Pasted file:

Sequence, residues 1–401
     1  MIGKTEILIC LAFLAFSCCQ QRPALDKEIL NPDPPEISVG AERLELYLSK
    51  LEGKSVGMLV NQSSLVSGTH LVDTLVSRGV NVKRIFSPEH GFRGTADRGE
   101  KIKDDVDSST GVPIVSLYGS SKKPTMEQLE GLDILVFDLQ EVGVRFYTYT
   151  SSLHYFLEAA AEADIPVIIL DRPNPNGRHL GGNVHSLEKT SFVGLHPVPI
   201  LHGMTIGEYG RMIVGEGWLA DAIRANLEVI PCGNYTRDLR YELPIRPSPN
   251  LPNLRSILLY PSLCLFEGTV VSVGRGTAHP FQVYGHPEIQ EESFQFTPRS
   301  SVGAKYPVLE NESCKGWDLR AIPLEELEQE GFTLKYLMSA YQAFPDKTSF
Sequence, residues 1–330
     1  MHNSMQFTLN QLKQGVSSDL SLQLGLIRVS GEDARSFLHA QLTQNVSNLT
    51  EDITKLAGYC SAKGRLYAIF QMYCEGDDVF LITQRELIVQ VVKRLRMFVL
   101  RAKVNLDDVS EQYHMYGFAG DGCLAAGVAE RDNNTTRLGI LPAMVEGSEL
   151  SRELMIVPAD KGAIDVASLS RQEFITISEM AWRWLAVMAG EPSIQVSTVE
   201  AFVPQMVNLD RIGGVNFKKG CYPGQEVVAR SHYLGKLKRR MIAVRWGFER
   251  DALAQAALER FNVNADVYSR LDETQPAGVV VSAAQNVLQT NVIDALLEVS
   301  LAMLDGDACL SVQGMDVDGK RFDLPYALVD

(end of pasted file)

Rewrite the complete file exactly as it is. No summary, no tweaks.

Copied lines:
Sequence, residues 1–401
     1  MIGKTEILIC LAFLAFSCCQ QRPALDKEIL NPDPPEISVG AERLELYLSK
    51  LEGKSVGMLV NQSSLVSGTH LVDTLVSRGV NVKRIFSPEH GFRGTADRGE
   101  KIKDDVDSST GVPIVSLYGS SKKPTMEQLE GLDILVFDLQ EVGVRFYTYT
   151  SSLHYFLEAA AEADIPVIIL DRPNPNGRHL GGNVHSLEKT SFVGLHPVPI
   201  LHGMTIGEYG RMIVGEGWLA DAIRANLEVI PCGNYTRDLR YELPIRPSPN
   251  LPNLRSILLY PSLCLFEGTV VSVGRGTAHP FQVYGHPEIQ EESFQFTPRS
   301  SVGAKYPVLE NESCKGWDLR AIPLEELEQE GFTLKYLMSA YQAFPDKTSF
Sequence, residues 1–330
     1  MHNSMQFTLN QLKQGVSSDL SLQLGLIRVS GEDARSFLHA QLTQNVSNLT
    51  EDITKLAGYC SAKGRLYAIF QMYCEGDDVF LITQRELIVQ VVKRLRMFVL
   101  RAKVNLDDVS EQYHMYGFAG DGCLAAGVAE RDNNTTRLGI LPAMVEGSEL
   151  SRELMIVPAD KGAIDVASLS RQEFITISEM AWRWLAVMAG EPSIQVSTVE
   201  AFVPQMVNLD RIGGVNFKKG CYPGQEVVAR SHYLGKLKRR MIAVRWGFER
   251  DALAQAALER FNVNADVYSR LDETQPAGVV VSAAQNVLQT NVIDALLEVS
   301  LAMLDGDACL SVQGMDVDGK RFDLPYALVD